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Stay Cool Under Pressure

Stay Cool Under Pressure

Andy Cohen-Wray


Headsweats Ambassador Andrew Cohen-Wray shares his tips for staying cool under pressure. You can find this and other insights on his blog, Athlete in Mind.


As the saying goes, “keep a cool head, whilst all around others are losing theirs.” It’s a useful thing to be able to do, especially when competing or racing.


The idea for this blog came about when I was getting ready to race last Saturday, it was an extremely hot day which we werent prepared for as the heat was suddenly upon us after a cool day before. Us Brits always moan about the weather, it’s either too hot, too cold, too wet, too windy, but it’s the one thing as athletes we cant control. Whilst waiting near the start line going through my drills so I was ready to race, all I could hear from the other athletes were excuses. Most were complaining how hot it was and they had already told themsleves they were going to have a bad race. This is where #keepacoolhead came in useful. I had prepared the best I could have, I was hydrated, I had stayed out of the sun as long as possible exerting the minimal amount of effort pre-race, all I had to do was push my body hard for 7minutes.

Internal voice

How we talk to ourselves internally has a massive impact on how we race and perform, if the language is negative this will only drive a negative performance. It’s this negative language that is often then spoken to others and this was very apparent waiting on the start line ready to race. I could have got involved in these conversations but I opted to focus on what I had to do, rather than worry about others.

The only thing I could control that day was my own performance, I had put my body in the best possible place by being hydrated etc. Worrying about things out of my control is a big no no, worrying about my competitors, the weather etc is a pure waste of energy, energy I would need to get me round a 2000m steeplechase race in 32degrees at 15:40 in the afternoon.

Running Reaper

As a Mental Performance Coach I have created a ‘Mind management’ tool called the ‘Running Reaper’ ( It is all around how that internal voice hijacks our training and performance, I teach athletes how to bring all that internal noise under control so they can focus on performing at their best with no distractions. Everbody has a voice inside their head and that is perfectly normal, the key thing is how to work with it, especially when the training and racing gets tough. If you fight the reaper it will win everytime, work with it and you will be amazed how much harder you can push yourself.


Mike McQueeney on the New National Parks Truckers

Mike McQueeney on the New National Parks Truckers

mikeHeadsweats President Mike McQueeney shares the story behind the latest collection of Performance Trucker Designs featuring national parks. 20% of sales from this collection go to support the National Park Foundation.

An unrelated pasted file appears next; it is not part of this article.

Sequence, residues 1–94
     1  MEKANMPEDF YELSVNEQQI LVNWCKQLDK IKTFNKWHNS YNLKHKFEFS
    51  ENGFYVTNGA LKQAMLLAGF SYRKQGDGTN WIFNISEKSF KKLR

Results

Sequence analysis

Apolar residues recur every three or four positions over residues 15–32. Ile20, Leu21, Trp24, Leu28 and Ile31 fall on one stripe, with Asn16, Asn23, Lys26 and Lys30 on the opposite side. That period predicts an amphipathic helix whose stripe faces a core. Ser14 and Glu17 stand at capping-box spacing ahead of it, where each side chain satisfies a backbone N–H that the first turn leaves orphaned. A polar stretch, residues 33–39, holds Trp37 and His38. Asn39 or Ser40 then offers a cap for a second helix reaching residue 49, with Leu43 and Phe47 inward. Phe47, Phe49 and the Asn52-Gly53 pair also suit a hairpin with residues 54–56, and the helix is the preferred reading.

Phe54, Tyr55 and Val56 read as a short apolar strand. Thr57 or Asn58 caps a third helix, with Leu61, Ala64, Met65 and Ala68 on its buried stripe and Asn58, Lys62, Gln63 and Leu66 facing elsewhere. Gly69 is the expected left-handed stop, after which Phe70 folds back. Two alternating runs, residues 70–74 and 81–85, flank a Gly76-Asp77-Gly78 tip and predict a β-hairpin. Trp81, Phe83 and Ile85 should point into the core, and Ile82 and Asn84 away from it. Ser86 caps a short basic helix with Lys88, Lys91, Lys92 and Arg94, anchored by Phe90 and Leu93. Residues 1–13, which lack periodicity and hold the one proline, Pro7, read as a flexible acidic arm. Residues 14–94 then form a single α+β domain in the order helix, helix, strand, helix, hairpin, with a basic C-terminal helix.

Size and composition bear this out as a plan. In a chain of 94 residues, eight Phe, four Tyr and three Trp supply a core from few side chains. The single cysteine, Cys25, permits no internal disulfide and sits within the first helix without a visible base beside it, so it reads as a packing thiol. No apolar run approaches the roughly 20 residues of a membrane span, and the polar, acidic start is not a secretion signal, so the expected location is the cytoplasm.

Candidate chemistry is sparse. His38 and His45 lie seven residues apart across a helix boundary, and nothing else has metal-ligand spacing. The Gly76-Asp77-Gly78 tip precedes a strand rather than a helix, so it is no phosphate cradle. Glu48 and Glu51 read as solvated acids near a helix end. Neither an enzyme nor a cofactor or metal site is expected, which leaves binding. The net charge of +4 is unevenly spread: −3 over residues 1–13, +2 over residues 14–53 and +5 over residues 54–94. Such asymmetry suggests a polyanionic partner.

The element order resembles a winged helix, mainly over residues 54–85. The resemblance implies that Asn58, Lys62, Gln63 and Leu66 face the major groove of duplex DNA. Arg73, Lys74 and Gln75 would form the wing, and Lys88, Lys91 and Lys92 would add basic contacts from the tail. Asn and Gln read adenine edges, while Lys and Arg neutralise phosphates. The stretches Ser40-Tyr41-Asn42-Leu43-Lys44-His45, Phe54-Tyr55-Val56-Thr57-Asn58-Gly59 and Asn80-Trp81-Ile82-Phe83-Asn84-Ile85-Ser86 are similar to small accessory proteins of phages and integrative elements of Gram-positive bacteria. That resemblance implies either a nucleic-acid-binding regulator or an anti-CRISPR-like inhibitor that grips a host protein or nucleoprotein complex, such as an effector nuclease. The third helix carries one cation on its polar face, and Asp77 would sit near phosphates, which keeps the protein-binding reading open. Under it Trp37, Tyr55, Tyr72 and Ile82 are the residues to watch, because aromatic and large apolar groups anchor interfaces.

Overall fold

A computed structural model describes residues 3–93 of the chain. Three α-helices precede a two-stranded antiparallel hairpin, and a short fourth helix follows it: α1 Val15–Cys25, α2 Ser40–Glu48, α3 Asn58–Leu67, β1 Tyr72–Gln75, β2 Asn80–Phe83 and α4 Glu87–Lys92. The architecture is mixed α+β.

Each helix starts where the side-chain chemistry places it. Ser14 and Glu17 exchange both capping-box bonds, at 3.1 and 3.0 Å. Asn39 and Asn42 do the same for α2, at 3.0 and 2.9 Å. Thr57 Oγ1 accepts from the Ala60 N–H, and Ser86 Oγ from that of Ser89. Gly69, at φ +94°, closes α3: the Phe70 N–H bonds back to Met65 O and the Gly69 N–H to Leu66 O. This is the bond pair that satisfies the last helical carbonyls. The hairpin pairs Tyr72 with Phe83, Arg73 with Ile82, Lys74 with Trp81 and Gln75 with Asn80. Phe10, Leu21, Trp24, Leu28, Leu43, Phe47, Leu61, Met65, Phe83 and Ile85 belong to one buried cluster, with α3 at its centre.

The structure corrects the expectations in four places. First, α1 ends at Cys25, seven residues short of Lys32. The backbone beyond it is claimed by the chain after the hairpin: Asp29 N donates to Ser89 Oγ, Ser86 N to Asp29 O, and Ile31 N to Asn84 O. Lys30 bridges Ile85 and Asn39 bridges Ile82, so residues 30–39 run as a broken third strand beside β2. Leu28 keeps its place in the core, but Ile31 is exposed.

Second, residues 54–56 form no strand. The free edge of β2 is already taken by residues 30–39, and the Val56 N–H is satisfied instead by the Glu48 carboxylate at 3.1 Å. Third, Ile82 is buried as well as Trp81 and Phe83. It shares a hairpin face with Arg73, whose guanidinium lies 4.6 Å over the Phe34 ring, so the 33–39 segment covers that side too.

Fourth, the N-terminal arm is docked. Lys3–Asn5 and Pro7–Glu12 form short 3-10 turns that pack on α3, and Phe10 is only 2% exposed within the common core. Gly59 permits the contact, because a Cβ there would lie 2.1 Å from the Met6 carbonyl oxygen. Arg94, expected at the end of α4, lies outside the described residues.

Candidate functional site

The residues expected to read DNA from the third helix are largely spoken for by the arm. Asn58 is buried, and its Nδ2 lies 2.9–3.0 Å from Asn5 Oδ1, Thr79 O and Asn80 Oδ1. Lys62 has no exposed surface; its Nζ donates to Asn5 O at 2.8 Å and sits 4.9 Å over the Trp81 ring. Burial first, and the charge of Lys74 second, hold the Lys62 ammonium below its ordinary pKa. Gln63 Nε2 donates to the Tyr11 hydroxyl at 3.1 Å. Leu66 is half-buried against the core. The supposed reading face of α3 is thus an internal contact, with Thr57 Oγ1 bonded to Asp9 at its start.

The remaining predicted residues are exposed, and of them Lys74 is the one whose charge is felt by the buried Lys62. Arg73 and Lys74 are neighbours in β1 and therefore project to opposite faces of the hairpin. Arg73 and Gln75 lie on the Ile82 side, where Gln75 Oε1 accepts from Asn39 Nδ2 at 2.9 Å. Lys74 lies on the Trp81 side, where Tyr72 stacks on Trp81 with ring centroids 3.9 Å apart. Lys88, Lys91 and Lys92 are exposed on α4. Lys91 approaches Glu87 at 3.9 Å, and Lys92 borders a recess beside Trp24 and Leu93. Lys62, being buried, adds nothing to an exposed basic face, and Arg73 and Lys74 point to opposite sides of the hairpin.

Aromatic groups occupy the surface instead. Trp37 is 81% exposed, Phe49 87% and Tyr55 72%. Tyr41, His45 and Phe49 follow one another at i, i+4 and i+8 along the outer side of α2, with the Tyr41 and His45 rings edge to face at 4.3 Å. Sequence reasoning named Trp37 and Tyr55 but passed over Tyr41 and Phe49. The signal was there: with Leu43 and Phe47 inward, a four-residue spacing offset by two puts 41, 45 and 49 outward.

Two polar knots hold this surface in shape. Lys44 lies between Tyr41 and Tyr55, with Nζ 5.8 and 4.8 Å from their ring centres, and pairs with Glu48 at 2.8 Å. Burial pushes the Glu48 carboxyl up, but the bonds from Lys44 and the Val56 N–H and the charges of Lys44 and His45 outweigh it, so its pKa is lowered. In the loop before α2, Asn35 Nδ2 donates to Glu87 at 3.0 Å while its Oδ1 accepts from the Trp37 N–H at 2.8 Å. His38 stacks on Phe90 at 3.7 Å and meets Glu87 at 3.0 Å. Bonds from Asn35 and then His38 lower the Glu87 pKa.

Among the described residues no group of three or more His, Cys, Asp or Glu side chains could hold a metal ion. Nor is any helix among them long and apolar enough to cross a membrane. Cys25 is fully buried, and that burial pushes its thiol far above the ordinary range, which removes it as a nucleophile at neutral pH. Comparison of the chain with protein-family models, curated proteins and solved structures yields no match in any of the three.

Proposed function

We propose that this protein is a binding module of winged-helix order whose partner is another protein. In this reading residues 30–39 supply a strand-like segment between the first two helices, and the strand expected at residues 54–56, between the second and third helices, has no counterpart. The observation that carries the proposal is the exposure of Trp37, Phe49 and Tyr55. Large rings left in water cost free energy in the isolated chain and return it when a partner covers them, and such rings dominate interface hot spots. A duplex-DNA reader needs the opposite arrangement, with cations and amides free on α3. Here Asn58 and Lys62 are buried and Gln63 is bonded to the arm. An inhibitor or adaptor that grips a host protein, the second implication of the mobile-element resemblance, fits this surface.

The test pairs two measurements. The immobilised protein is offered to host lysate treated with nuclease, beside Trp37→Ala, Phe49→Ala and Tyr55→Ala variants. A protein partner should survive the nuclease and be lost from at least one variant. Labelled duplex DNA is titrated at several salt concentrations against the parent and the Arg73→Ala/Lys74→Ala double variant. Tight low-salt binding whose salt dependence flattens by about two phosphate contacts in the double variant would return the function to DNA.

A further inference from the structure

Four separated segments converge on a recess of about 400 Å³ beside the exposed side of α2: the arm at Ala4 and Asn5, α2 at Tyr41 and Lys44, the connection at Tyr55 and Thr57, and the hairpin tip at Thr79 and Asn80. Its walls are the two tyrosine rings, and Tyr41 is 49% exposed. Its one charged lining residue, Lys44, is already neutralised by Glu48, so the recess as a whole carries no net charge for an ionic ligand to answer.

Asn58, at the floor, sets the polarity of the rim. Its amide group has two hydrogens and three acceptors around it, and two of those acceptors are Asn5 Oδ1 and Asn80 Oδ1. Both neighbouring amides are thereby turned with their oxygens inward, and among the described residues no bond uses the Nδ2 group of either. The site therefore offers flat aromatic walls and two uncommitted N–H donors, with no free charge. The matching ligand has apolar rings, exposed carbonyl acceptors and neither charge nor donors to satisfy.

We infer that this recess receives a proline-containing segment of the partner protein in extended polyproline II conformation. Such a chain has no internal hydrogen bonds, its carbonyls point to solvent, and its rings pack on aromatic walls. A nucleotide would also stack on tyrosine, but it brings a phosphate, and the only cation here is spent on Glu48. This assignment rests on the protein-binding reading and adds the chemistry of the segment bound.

Vote for the next design you’d like to see included and you’ll be entered for a chance to win a $100 Headsweats gift card!

What led to the decision to donate a portion of sales from this collection to support public lands?

As a Colorado based company, supporting public lands is a natural fit and we are excited to give back to such a great cause.  Having the beautiful Rocky Mountains in our backyard is the best motivation for bringing awareness to the importance of public lands, and Headsweats is proud to give a portion of sales from our trucker collection.

What drew Headsweats to the National Park Foundation?

Headsweats, as a company, supports outdoor activities.  Thus, when the opportunity presented itself, Headsweats was all in.  With the expansion of our Performance Trucker line to include some National Parks, it just made good sense.  Headsweats will expand upon the collection with up to four more National Park offerings to continue support of this initiative.  Headsweats will be donating 20% of the total sales back to the National Parks Foundation throughout 2017.  Public lands need to be cherished, supported and experienced.  Headsweats is honored to support this initiative and feels an obligation to do so.  It is in our DNA!

What’s your favorite National Park and why?

Yosemite National Park is my personal favorite.  Although there are many to choose from such as Lake Tahoe, Grand Canyon, Mt Rushmore and Yellowstone.  When I was in Junior College the cross country team would spend a weekend training up in Yosemite camping on the valley floor.  We would conduct training runs as a team.  I remember the big run was from the valley floor to the top of El Capitan (9 miles and 3000 feet of elevation).  It was epic.  The photo above was taken with a camera sitting on a picnic table after the run to El Capitan. This random, however captivating photo of Half Dome in the background was an accident, as it is one of the signature attractions at Yosemite.